Janes notes that the expansion, which began in early 2022, will allow the PLA-NAF to increase the frequency of maritime patrol missions from the Laiyang Air Base, improving China’s ability to monitor aircraft and vessels operating in the Yellow Sea and East China Sea.

Wood and Cliff write that China is undergoing a process of “unmanification” with the adoption of multiple types of drones at every level, from strategic unmanned aerial vehicles like the Soar Dragon to hand-launched UAVs operated by grassroots militia units.

Asia Times reported this month that the PLA Ground Force (PLA-GF) has developed a new combat drone, the KVD002, which can provide battlefield intelligence, fire support and guide attack helicopters. It’s based on China’s bestselling unmanned combat aircraft, the CH-4, and can carry two air-to-surface missiles and reconnaissance devices.

China’s unveiling of the KVD002 signals growing confidence in its drone operations over the Taiwan Strait, with the PLA integrating unmanned systems into its force structure and actively developing them for all domains of warfare. This approach may be part of a strategy to test Taiwan’s defenses and wear down its air force.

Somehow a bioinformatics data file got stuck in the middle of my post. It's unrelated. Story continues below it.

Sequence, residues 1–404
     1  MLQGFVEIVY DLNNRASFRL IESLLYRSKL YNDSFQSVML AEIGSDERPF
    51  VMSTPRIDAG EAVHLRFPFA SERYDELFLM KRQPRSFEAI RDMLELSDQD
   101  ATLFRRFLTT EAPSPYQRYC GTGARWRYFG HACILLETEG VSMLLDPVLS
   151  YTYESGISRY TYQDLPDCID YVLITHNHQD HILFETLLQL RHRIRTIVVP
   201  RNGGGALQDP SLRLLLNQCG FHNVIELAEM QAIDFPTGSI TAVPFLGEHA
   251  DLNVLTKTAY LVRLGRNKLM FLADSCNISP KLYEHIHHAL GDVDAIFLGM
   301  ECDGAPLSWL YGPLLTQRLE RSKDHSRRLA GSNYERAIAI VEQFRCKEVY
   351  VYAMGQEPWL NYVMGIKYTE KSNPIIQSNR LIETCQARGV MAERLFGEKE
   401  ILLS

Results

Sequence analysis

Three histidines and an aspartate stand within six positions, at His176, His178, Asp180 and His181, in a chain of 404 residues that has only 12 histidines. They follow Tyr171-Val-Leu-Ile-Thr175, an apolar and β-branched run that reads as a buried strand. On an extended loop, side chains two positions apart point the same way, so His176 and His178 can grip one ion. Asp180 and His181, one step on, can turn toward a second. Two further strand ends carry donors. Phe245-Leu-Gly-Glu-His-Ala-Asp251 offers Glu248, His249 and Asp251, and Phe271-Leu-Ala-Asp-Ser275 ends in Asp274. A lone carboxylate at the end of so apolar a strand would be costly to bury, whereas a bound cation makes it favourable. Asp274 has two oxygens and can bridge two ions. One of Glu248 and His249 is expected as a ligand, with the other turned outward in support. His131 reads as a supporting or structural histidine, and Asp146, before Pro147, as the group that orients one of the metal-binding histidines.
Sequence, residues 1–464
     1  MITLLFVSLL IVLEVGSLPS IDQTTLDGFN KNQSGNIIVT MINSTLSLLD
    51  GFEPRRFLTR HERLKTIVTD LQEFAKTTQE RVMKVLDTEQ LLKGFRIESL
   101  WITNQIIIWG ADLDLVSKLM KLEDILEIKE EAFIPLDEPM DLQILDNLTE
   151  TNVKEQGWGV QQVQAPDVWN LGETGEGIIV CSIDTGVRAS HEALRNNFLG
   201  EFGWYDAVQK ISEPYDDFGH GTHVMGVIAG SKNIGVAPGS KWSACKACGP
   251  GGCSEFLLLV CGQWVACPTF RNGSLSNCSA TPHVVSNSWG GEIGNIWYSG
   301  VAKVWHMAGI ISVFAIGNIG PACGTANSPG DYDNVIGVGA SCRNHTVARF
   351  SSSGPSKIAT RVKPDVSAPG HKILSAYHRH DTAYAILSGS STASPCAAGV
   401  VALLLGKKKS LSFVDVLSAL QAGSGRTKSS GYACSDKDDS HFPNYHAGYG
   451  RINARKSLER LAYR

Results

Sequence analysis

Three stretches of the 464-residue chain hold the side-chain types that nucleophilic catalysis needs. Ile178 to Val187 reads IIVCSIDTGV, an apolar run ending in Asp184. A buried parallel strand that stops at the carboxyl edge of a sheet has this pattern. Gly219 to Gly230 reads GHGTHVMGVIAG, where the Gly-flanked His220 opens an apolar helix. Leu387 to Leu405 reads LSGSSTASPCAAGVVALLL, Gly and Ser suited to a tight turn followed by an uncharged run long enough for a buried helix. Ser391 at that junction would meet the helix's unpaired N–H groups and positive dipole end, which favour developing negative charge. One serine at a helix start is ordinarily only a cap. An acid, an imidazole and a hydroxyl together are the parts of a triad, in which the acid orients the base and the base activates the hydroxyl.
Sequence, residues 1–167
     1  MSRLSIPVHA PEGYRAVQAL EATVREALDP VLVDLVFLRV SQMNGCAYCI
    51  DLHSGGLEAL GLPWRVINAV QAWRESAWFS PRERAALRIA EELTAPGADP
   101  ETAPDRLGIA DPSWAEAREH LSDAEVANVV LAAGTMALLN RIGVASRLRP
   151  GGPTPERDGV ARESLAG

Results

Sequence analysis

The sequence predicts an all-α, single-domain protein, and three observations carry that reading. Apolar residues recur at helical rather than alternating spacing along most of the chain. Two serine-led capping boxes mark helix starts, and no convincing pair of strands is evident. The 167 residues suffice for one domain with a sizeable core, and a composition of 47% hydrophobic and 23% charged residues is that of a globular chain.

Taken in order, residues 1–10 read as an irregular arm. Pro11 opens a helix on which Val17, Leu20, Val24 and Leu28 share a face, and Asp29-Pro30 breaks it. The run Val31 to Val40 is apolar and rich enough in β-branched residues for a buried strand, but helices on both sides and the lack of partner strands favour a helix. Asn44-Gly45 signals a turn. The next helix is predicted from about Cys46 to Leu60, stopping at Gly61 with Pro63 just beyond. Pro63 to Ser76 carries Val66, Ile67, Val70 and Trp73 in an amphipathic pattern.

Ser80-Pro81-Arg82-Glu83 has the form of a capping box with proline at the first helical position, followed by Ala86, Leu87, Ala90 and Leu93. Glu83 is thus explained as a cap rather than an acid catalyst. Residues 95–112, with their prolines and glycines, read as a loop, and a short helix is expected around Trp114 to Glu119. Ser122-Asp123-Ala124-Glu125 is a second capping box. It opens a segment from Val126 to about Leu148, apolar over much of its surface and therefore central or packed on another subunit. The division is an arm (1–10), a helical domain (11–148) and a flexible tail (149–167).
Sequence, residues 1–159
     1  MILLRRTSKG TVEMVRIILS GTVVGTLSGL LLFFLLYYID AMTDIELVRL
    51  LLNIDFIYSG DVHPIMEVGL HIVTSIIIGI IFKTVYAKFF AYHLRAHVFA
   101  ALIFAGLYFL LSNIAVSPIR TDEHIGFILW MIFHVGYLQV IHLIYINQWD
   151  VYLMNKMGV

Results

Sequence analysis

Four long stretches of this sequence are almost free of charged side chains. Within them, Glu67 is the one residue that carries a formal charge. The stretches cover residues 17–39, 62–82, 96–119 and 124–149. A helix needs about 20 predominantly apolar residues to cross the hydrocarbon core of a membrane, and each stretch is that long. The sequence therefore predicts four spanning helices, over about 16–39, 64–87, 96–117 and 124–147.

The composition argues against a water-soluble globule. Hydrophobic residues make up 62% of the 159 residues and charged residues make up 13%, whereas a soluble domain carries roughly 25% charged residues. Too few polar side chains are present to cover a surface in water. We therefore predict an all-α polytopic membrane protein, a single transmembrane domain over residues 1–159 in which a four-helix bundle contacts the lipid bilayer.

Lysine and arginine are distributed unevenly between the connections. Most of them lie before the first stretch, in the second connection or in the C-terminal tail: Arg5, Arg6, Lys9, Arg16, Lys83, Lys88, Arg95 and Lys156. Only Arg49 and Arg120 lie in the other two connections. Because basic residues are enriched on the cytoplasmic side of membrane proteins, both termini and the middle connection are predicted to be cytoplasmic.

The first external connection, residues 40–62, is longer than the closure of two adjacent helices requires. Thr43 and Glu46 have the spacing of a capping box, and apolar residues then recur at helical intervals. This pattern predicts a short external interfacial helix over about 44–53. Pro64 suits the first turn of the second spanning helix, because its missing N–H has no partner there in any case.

Moreover, Wood and Cliff note China’s progress in aerostats, noting a resurgence of interest in lighter-than-air aircraft for observation and near-space reconnaissance.

They note that Chinese researchers see great potential for tethered aerostats, which can stay aloft at great heights, carry radar and optical sensors for surveillance, serve as communication hubs and perform electronic warfare.

China has been known to operate aerostats in the South China Sea and foreign airspace. In December 2022, Asia Times reported that China may have deployed a high-altitude, long-range airship near Luzon in the northern Philippines.

The airship resembles two high-altitude, uncrewed solar-powered Chinese balloons, the Tian Heng and Yuan Meng intended for stratospheric operations at 7,000 to 20,000 meters.

China has been building an aerostat network over hotspots such as the Himalayas, South China Sea and Taiwan Strait since 2017, with its aerostats fitted with large phased-array radars that can monitor airborne and surface targets within a 300-kilometer radius.